Living Worship – Part 1

This is the beginning of a 5 part series on living our lives as worship. Those who know me have probably heard me say more than once that worship is not something we do on Sunday morning but something that we do with the entirety our lives. Mankind was created with one purpose: to glorify and praise God. Not to glorify and praise Him for an hour on Sunday, but with our existence.

But that can seem a little esoteric. How do I glorify God when I’m sitting in traffic? When I’m eating my lunch? When I’m _________? <- Fill in the space. One of my favorite scripture verses is 1 Timothy 4:12: "Don't let anyone look down on you because you are young, but set an example for the believers in speech, in life, in love, in faith and in purity." These are Paul's words to Timothy, a young pastor under his care. We're going to take Paul's advice and look at how we can be that example in all that we do. PART 1: …In Speech…

It’s no surprise that the first area Paul mentions is our speech. Think about a typical day and how much time you spend talking. We have meetings where we talk. We call people on the phone and we talk. We have dinner together and we talk. Here’s a statistic for you: in the US, the average cell phone user uses 600 minutes per month. That’s 10 hours per month on the phone. I think you get the point: WE TALK A LOT! But how much of what is said is entirely pleasing to God? Are there words or phrases that you utter (or shout) when you’re upset or angry?

This is probably one of the most difficult areas for even the most mature Christian. James says “With the tongue we praise our Lord and Father, and with it we curse men, who have been made in God’s likeness. Out of the same mouth come praise and cursing. My brothers, this should not be.” (James 3:9-10) If our speech is negative, harsh, or abrasive, it’s not lined up with the praise that we want to have flowing from our lips and our life.

Proverbs 29:20 – Do you see a man who speaks in haste? There is more hope for a fool than for him.

The first principle in guarding our tongues is to think before you speak. Especially in our everyday conversations. Some of the most important times in our worship life are those when we’re farthest from church. When we’re in church on a Sunday, people expect certain behavior and language to be present, because, after all – you’re at church! But when we maintain the purity of our speech when we’re away – that’s when people take notice.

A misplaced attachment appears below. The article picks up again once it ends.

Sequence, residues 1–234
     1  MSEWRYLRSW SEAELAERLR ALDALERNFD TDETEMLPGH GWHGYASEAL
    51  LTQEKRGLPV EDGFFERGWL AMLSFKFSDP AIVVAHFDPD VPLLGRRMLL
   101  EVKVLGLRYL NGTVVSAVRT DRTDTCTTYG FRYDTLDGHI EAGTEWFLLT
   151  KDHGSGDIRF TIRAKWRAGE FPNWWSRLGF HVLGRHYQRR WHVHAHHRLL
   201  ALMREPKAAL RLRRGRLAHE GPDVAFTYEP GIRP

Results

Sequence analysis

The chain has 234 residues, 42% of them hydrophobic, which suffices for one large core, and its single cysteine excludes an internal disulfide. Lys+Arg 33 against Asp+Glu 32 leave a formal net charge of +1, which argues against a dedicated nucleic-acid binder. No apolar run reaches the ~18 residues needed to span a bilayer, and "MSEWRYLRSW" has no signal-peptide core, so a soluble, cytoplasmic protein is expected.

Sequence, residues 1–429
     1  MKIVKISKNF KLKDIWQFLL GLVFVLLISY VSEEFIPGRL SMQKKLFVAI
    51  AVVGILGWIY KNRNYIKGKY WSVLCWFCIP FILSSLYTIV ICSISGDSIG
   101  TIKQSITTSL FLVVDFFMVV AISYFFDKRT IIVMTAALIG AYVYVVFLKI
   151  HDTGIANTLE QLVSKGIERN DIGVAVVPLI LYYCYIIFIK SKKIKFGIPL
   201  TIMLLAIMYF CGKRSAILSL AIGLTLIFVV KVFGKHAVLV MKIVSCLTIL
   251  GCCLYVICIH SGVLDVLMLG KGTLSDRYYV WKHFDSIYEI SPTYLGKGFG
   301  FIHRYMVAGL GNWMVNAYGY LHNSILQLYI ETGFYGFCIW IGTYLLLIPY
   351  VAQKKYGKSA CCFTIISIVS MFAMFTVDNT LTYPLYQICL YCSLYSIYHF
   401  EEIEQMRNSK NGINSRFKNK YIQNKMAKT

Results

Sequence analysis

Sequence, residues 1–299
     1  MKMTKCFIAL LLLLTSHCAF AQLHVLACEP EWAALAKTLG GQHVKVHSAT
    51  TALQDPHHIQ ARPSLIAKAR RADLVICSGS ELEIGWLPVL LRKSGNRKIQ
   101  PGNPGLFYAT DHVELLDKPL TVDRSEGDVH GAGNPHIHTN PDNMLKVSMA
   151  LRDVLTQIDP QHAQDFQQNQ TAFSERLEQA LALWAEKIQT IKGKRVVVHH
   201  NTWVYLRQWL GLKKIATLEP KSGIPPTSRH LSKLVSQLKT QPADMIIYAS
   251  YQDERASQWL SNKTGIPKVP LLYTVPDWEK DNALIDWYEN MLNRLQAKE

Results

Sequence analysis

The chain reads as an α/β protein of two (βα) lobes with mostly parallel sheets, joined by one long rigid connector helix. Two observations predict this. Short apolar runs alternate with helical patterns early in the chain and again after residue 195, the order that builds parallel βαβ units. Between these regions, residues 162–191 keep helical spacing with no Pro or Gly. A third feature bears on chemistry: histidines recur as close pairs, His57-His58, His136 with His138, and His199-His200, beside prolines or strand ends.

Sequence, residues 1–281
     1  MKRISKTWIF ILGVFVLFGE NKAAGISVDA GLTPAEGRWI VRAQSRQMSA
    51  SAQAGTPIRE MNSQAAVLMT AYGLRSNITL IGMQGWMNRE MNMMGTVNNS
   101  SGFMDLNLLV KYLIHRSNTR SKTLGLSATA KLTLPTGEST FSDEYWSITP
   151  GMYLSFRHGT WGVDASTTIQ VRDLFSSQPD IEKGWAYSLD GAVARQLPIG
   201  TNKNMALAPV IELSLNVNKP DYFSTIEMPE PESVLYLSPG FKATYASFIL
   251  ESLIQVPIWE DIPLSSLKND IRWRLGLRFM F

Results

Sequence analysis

Proverbs 17:27 – A man of knowledge uses words with restraint, and a man of understanding is even-tempered.

The second principle in guarding our tongues is to use words concisely and in their right timing. When you want to communicate something, you need to not only think what thought you want to communicate, but what words will best convey that thought.

Proverbs 12:18 – Reckless words pierce like a sword, but the tongue of the wise brings healing.

The third principle is that our words should bring healing. In the world in which we live, there’s so much around us that can cause hurt and pain: disease, violence, wars, etc. We need to be instruments of peace and healing. Most of the people we encounter (both at church and in our everyday lives) are in need of some kind of healing, be it physical, emotional, or spiritual. The words we say should be infused with healing.

Let’s commit ourselves to doing what’s right. Consider what would happen in the church and in the world if each of us would realize the power our words hold and we used them to build each other up. Matthew 12:34 reminds us where our words find their source: “Out of the overflow of the heart, the mouth speaks.” When your heart is lined up with God, good things are bound to flow. (we’ll talk about that more in the upcoming posts)

About Matthew Starner

Matthew Starner is pastor of Journey of Faith Church in Grand Rapids, Michigan, where they help people take their next step on their journey with Jesus.

One Comment

  1. Pingback: Living Worship – Part 2 | beyond the noise

Leave a Reply

Your email address will not be published. Required fields are marked *